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Suffolk launching mental health co-response program in July

Emergency calls will be screened on a four-level Marcus alert framework.
Photo via Suffolk Fire and Rescue
Emergency calls will be screened on a four-level Marcus alert framework.

Officials want the program to be a third option for people in need of mental health resources, connection to social services.

A new Suffolk program aims to offer an alternative emergency response to residents experiencing mental health crises.

It’s called Medical Access and Resources for the Community, or MARC, and is part of the city’s implementation of the Marcus-David Peters Act.

“The spirit of what the Marcus alert legislation was that a behavioral health response should not be a law enforcement response primarily,” said Staci Young, Western Tidewater’s director of acute care crisis services. “So even though law enforcement always will be our partner, they are not necessarily going to be always the front one.”

Signed into law in 2020, the legislation is named after a Black biology teacher shot and killed by Richmond police in 2018 during a mental health crisis. It creates a statewide Marcus alert system and requires localities to draft protocols for screening and directing 911 calls for non-violent behavioral health crises to local or regional crisis centers.

Beginning in July, the emergency response to a mental health crisis could be led by Suffolk’s MARC team. The two-member team, comprised of a Western Tidewater mental health clinician and a Suffolk Fire & Rescue paramedic, will be in service 40 hours per week to start.

Suffolk Fire Captain Ray Willet, who serves as the department’s Marcus coordinator, said while the MARC team could be accompanied by an officer for safety, these mental health co-responders are intended to provide a third option between a trip to a hospital or a visit solely by police.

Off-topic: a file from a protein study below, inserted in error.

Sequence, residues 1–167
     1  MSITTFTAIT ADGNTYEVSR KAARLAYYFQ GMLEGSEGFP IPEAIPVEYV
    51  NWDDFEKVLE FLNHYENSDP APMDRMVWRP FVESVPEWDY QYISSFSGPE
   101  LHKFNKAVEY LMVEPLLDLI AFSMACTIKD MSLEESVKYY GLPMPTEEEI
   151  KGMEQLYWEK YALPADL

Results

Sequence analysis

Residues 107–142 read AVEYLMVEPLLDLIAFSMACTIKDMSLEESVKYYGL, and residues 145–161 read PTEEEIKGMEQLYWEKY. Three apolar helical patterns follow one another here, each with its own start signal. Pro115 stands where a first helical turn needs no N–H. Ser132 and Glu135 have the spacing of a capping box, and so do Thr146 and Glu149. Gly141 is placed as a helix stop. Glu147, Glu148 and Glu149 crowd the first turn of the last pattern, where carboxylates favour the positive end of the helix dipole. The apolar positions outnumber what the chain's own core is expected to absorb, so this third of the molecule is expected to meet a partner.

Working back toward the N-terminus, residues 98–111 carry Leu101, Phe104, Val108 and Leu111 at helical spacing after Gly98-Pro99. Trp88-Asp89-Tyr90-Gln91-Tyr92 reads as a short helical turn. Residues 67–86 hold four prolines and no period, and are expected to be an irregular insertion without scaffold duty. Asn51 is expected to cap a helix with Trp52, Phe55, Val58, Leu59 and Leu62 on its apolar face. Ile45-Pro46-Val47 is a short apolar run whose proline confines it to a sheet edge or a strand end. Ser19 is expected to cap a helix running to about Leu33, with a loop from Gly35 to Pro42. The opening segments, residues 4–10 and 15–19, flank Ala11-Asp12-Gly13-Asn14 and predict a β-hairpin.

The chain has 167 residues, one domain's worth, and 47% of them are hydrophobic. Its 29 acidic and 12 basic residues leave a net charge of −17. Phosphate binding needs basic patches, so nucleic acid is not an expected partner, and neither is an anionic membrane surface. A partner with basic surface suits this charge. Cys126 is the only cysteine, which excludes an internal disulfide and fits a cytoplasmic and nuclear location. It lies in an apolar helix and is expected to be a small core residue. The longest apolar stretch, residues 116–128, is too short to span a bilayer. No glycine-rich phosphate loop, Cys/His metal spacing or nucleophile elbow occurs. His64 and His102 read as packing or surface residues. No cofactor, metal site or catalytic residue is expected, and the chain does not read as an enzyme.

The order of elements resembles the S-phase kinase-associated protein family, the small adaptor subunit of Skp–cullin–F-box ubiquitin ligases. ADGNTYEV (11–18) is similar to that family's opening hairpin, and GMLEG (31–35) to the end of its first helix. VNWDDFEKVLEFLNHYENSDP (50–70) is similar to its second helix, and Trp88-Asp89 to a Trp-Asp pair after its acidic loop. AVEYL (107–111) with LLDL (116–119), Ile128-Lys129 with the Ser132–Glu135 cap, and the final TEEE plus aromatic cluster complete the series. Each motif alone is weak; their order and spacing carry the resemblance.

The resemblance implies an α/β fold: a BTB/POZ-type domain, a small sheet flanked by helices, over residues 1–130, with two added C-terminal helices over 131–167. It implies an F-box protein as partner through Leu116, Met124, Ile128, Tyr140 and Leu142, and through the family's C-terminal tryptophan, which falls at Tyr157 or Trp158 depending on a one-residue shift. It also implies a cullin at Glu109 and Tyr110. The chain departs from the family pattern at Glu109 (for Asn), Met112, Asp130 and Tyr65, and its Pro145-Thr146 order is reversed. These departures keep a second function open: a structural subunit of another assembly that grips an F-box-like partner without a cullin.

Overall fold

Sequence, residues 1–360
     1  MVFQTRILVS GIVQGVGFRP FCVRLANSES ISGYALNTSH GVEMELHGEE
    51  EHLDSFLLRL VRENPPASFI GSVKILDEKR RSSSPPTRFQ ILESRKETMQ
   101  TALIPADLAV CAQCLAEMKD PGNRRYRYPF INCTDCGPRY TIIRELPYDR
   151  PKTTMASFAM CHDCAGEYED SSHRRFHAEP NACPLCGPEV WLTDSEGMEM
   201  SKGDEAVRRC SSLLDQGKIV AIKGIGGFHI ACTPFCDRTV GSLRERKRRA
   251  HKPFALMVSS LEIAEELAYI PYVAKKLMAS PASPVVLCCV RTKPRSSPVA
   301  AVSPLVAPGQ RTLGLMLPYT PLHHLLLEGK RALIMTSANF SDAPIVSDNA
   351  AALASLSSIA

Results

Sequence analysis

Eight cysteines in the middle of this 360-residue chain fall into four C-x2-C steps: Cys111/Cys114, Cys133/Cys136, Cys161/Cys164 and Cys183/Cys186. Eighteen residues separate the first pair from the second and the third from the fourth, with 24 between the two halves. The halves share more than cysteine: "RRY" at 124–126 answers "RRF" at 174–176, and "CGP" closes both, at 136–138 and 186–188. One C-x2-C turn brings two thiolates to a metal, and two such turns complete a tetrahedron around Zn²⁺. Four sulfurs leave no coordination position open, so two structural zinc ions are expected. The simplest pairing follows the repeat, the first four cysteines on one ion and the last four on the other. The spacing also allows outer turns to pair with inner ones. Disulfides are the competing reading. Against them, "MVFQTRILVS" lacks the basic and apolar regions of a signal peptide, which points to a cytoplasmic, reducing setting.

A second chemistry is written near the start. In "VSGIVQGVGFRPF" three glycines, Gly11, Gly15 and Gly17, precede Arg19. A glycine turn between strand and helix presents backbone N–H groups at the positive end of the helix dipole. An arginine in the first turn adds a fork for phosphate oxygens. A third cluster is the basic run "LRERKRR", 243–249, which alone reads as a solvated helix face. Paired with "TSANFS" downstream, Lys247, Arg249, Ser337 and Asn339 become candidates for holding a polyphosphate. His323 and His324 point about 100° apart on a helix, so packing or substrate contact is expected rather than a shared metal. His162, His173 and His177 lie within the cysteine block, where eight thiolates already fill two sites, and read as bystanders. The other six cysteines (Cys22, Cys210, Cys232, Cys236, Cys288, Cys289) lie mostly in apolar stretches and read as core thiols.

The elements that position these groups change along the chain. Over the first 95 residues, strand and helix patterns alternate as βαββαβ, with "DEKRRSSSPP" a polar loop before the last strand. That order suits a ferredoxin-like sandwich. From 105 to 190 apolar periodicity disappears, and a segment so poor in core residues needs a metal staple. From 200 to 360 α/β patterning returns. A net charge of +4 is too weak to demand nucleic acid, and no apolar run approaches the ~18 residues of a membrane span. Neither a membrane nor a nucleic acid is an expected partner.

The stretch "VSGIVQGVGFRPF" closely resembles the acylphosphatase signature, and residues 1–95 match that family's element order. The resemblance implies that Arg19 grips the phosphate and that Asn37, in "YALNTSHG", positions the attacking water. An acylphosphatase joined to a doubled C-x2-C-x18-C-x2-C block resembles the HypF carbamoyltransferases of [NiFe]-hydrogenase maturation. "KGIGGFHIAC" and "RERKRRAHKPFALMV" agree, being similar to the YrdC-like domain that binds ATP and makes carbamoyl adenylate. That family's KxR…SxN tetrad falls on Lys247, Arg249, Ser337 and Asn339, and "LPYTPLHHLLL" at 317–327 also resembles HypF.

“(The clinician) will be partnered with the paramedic,” Willet said. “They’re also going to collaborate and work with (the patient) to figure what’s the best place for this person because it’s not necessarily in the back of a cop car or the emergency department.”

That could look like in-home treatment. In more serious cases with a non-violent patient, the co-responders could transport the patient to the Crisis Receiving Center in Suffolk for care.

“We want to be proactive,” Willet said. “We want to keep you out of the hospital, safe in your home, as long as we can.”

The MARC team will respond to crises that fall into levels two and three of the Marcus alert framework. Level one includes those calls that can be addressed on the phone by the regional crisis call center, while level four crises involve violence and will see a police-led response for safety.

“We’re designed for level threes,” said Willet. “Level three is I’m not violent, I’m not homicidal, but I’m suicidal and I have a way to do it.”

Beyond that, Willet envisions the MARC team as a new way to connect people to social services and resources.

“We have people that are aging, they’re at home, and they’re unable to get around and they have no one to turn to to help so they call 911” he said. “We want to be that connection.”

In addition to helping callers with mental health concerns, Willet said he’s been in contact with various food banks and other service providers that want to be on the list of connections that co-responders can help those in need make.

“We do not duplicate services,” Willet said. “Our goal is to go into somebody’s house, evaluate them, and then in 60 days turn them over to somebody else who can continue this care.”

Young said there are tentative plans to expand the program and they’ll have room for a second MARC vehicle at the Western Tidewater’s Godwin location.

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